The birds have eaten every single grape. And we are busily harvesting and processing apples, pears, plums, hazelnuts.

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Froggies gone a courtin?

It’s raining. Finally. The waxwings are all over our crabapple. A barn owl attacked the chickens in the upper yard. Roger surprised it and stole back the still warm chicken. We ate it last week. There are two bullfrogs in the courtyard fountain. Where will they go once the weather gets cold?

Our friends Lindsay and Karen came up to visit over Labor Day. Karen got to stay in the newly remodeled cottage sans the new windows that have yet to be delivered.
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And that brings up the biggest topic–Projects. As if harvesting was not enough–I’ve been painting the soon to be finished cottage.

painting the floor of the cottage--before

painting the floor of the cottage–before

and after

and after

Before

Before


And I felt it was time to actually do the mosaic tile table top for which I had been saving broken pottery for a number of years. It uses tiles left over from the upstairs bathroom–so that’s fifteen years ago, anyway

and after

and after

Oh, I also made a cute little apron out of old tablecloths for Rosalie’s birthday.
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And Finally,
Oh, how the heddles do deceive when first you thread the loom to weave.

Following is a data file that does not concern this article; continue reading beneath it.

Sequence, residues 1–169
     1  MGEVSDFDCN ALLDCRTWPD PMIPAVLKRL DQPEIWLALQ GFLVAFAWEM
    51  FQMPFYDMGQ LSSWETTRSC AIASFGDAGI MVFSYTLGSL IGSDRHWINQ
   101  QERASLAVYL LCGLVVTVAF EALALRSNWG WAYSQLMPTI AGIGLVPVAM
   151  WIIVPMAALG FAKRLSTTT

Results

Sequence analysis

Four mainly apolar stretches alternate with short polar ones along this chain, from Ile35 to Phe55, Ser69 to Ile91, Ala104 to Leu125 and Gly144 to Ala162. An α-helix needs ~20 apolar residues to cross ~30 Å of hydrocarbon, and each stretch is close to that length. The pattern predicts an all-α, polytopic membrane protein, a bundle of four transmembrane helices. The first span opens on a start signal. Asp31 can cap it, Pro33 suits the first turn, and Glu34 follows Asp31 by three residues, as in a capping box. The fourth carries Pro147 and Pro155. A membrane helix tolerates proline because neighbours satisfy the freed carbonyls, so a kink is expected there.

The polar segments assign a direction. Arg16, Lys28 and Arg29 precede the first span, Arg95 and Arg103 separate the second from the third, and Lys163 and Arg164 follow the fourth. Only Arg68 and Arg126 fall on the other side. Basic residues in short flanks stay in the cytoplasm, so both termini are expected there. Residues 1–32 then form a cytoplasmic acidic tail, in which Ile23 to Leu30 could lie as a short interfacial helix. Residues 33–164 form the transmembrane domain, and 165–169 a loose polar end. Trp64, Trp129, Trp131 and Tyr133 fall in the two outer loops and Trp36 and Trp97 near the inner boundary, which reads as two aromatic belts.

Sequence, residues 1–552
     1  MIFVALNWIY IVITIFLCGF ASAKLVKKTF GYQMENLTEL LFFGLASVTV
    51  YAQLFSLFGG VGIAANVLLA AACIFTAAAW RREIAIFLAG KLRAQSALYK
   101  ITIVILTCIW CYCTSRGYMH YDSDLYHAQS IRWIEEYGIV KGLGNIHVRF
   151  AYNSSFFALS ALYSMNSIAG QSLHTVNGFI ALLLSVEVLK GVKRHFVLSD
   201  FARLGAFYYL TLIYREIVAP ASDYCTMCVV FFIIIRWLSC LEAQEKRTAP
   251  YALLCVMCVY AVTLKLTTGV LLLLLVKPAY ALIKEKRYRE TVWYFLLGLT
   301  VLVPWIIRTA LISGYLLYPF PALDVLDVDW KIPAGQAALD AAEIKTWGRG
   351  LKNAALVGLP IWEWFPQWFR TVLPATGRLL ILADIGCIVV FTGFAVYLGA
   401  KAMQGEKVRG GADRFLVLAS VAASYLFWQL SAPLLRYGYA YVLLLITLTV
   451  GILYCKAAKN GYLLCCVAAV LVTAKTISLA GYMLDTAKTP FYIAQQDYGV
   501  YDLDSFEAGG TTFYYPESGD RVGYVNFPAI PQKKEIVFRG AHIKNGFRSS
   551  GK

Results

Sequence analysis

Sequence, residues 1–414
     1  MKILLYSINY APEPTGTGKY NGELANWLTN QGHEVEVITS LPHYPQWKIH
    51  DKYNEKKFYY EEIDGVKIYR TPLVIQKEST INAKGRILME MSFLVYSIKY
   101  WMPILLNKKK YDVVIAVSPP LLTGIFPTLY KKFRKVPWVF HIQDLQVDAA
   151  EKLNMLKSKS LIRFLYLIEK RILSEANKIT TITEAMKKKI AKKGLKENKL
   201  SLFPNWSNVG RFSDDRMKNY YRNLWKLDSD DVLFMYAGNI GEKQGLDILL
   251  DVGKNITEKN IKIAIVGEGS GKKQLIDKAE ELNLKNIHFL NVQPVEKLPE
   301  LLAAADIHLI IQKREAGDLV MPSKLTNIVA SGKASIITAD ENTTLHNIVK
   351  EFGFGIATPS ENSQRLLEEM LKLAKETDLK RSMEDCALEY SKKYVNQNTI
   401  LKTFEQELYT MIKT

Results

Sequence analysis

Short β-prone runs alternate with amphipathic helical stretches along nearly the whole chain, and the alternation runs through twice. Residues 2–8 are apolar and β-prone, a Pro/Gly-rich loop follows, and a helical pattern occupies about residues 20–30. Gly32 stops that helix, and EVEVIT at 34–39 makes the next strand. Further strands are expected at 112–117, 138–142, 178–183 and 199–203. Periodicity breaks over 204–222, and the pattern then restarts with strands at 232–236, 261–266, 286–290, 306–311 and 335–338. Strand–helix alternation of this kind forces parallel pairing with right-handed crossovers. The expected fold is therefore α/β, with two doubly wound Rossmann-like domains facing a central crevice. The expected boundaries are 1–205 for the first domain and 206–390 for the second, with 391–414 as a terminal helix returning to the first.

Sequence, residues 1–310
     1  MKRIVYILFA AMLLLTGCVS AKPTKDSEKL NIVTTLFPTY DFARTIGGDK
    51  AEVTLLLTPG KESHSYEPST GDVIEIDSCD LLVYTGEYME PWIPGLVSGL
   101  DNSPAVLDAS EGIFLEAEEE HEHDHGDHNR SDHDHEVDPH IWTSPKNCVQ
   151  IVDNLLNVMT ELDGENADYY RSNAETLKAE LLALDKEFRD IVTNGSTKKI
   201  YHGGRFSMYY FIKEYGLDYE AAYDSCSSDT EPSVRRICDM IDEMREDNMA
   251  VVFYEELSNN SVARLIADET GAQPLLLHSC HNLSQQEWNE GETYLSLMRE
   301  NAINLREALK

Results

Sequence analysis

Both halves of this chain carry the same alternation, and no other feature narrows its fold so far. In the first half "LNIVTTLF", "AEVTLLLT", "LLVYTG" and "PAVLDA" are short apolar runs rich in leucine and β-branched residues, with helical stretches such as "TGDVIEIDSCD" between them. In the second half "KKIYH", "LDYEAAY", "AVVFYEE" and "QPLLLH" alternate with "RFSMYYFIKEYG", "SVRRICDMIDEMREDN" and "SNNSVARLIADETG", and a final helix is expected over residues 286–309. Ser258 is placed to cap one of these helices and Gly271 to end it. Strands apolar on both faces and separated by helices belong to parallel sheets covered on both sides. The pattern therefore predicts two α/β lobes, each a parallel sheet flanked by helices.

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Doubleweave tip–make sure you count the number of heddles you have on your loom prior to warping it


I hope the new heddles arrive soon and I will be way into my weaving project by my next post. Fall will be fully underway by then as well.

Some Winter Projects

There’s never a dull moment here at Thornbush.  Even though the ground has been frozen for a week or more, Roger has been able to “play” outside–chainsaw in hand.  Just today he took off a major limb from the crabapple out front.  It is fruit tree pruning time.   And Suzie has a brand new friend to play with now that Uncle Eric has adopted a yellow lab named Barley.

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I’ve been working on several projects.  Last month I held the first All Island Meeting of the SJC Textile Guild since I became President.  It was on Shaw and we had a nice Show and Tell as well as our now annual Stash giveaway.  Here I am, showing off the pendant I made last Fall at a Micro-macramé class and the earring I just finished to match.

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I did harvest my basket willow for next year’s projects. And I’m trying to finish my sheep for the Fair this year. (It was meant to be in last year’s fair, but , oh well).  Not done yet.

Sheep Happens

Sheep Happens

 

We had a great impromptu night of creativity at January’s textile guild mtg at the library.  Inspired by Francie Hanson and supplied by her as well.  We all dove into our inner child.

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Francie Night

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I was gifted mah jong lessons from a Soroptimist friend at the holiday party.  I doubt I will have the time to play it regularly as many do here on the island.  And it looks as though one does need to play regularly if one has any chance of improving one’s skills.  It does look like a fun game and I like the tiles.

These are the most creative things I’ve been doing, but there have been more mundane projects as well:   A couple days of sorting through old boxes, IRS returns, organizing my craftroom,  updating our Forest Stewardship Plan.

Not to mention watching the Superbowl and Sherlock on tv.  Trying to stream the Olympics and the Westminster Dog Show on my computer.  And I’m reading Ken Kesey’s “Sometimes A Great Notion”, which is not an easy read.  Hikes, documentaries, luncheon meetings, overnight guests, potlucks rounded out the month.  I really don’t have time to take up mah jong, too.